If a symptom sneaks in under the radar of medication, I’ve got to be vigilant and check in with my psychiatrist or my therapist to right myself. Finding the wherewithal to do so is a part of the new normal, whereas before I would have been baffled and just avoided doing anything to help myself.
Because of the stigma surrounding mental illness, I found myself feeling unnecessarily ashamed that I receive help from our state. Even though I have friends in the same boat, even though these programs are in place to help individuals like us, I still hang on to the self-stigma that shames me, or more succinctly put, I shame myself for.
No one wants to die from Depression, or any other illness. To suggest otherwise is diminishing the value of life and the individual affected by Depression. Unfortunately, the concept of “suicide” interferes with our shared responsibility and opportunity to effectively prevent Death by Depression.
At the end of the day, I found the reason for journaling, then as now. Keeping a record of my thoughts, delusions, and hallucinations, as well as my day-to-day experiences, offers a window into my illness, empowering me to take action toward my recovery.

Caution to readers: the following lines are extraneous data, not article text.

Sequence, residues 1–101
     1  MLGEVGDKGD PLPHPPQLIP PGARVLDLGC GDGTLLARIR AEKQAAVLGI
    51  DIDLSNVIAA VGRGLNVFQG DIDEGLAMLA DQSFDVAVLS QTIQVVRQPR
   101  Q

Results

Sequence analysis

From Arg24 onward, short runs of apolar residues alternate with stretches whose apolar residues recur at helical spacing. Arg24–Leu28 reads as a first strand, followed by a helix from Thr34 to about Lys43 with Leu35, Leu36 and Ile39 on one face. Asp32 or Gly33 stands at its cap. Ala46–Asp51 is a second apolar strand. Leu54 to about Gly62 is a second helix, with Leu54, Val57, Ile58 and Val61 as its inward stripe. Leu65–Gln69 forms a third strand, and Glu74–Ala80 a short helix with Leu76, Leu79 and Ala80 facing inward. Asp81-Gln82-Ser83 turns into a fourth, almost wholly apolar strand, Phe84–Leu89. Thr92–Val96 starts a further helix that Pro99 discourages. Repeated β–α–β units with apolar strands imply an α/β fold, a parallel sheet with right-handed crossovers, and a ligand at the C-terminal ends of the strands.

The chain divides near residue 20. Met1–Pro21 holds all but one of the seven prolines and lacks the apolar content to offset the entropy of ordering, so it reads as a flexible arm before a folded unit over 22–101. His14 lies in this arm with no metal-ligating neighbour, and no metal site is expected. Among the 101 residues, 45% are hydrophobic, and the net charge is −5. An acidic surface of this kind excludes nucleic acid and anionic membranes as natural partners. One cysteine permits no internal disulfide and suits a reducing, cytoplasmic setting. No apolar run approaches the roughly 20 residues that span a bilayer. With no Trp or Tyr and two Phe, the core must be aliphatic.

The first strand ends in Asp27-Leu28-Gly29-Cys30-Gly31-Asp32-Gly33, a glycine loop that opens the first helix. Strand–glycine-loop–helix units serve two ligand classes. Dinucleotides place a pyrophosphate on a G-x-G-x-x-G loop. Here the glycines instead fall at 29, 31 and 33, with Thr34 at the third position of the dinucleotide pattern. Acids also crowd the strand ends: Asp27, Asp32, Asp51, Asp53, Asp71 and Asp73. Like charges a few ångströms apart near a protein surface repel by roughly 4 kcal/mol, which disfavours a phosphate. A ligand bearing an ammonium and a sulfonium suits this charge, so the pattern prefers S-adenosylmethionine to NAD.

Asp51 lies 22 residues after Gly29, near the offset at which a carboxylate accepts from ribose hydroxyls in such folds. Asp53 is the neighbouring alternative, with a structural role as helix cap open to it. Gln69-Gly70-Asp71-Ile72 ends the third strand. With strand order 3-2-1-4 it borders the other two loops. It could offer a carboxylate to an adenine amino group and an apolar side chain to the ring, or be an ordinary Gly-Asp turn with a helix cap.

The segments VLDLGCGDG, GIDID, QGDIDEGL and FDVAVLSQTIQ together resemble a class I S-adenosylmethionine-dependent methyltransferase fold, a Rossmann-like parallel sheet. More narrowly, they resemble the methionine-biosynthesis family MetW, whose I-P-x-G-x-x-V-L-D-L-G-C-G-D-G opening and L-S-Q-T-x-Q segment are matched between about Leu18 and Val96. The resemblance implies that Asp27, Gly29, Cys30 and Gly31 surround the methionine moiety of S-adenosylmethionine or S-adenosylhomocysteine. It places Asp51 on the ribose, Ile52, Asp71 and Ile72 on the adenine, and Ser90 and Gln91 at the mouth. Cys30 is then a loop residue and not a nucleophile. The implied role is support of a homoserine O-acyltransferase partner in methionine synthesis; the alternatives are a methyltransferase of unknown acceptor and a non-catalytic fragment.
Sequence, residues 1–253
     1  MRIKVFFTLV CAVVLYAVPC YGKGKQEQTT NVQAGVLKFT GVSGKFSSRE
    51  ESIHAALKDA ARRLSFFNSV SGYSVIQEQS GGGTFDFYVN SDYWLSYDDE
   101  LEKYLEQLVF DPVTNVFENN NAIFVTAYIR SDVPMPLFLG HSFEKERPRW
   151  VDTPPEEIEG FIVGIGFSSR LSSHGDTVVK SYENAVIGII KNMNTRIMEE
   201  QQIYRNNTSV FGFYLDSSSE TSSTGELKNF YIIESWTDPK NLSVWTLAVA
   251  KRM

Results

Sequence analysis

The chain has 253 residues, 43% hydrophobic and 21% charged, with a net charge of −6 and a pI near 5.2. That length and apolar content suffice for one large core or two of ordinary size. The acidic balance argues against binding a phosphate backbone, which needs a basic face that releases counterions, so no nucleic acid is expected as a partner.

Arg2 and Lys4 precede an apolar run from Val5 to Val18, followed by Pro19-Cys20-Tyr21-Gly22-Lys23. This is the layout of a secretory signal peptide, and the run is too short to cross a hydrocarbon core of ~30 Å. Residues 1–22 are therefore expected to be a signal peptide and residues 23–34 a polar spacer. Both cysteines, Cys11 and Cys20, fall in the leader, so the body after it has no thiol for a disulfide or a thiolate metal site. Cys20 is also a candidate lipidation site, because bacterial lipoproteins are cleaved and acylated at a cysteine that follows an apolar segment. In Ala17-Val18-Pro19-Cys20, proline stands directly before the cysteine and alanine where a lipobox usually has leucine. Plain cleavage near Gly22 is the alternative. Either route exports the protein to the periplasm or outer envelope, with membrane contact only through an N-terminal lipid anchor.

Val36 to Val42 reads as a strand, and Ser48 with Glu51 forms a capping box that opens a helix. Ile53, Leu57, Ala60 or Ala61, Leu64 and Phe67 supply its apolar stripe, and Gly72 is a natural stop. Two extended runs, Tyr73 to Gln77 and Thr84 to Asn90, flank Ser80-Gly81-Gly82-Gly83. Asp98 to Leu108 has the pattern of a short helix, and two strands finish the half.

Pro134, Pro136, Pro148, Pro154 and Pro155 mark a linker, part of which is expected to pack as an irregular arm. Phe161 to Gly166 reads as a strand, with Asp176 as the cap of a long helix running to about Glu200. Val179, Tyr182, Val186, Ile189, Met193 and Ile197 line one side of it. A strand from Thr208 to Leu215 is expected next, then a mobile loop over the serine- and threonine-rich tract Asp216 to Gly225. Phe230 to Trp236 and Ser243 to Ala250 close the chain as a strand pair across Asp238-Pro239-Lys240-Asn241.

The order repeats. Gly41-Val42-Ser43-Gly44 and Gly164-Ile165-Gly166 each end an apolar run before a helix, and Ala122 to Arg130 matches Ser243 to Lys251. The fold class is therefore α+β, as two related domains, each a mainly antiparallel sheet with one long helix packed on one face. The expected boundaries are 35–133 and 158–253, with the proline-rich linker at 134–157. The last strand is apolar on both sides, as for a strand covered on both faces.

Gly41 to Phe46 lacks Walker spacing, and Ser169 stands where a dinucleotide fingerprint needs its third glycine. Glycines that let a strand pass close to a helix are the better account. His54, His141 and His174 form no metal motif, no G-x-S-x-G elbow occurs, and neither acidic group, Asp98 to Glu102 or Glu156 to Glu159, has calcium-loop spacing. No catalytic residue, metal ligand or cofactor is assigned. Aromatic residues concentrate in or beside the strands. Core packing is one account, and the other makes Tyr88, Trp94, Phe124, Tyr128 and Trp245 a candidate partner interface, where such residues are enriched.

Sometimes people will ask about the content of my writing. When I tell them that I focus on living with schizophrenia and related issues, they inquire about my involvement with mental health, and I have, as a result, shared my diagnosis. So it’s a chain of questions that gets me to divulge. I only go there when I feel it’s appropriate, but I won’t shy away from a little stigma-busting when the opportunity arises.
Mental health disorders are difficult. They are journeys with long paths, paths that curve in many directions. The greatest gifts my journey brought me were true loved ones, strength, my voice, and the honor of working beside Veterans (they take me under their wings and treat me like one of their own). So now I give you the opportunity to speak up. Speak loudly and without shame.
It’s the first word that seems to come to mind when we are feeling that things are occurring too much, too fast, and / or too confusing to absorb and manage. We just simply say, we’re “stressed out”, “under stress”, or “too stressed” to handle it. When we are feeling such immense stress, we generally, and ultimately, don’t take the time to slow down to truly identify all that is happening in our minds, our bodies, and our spirit at those moments.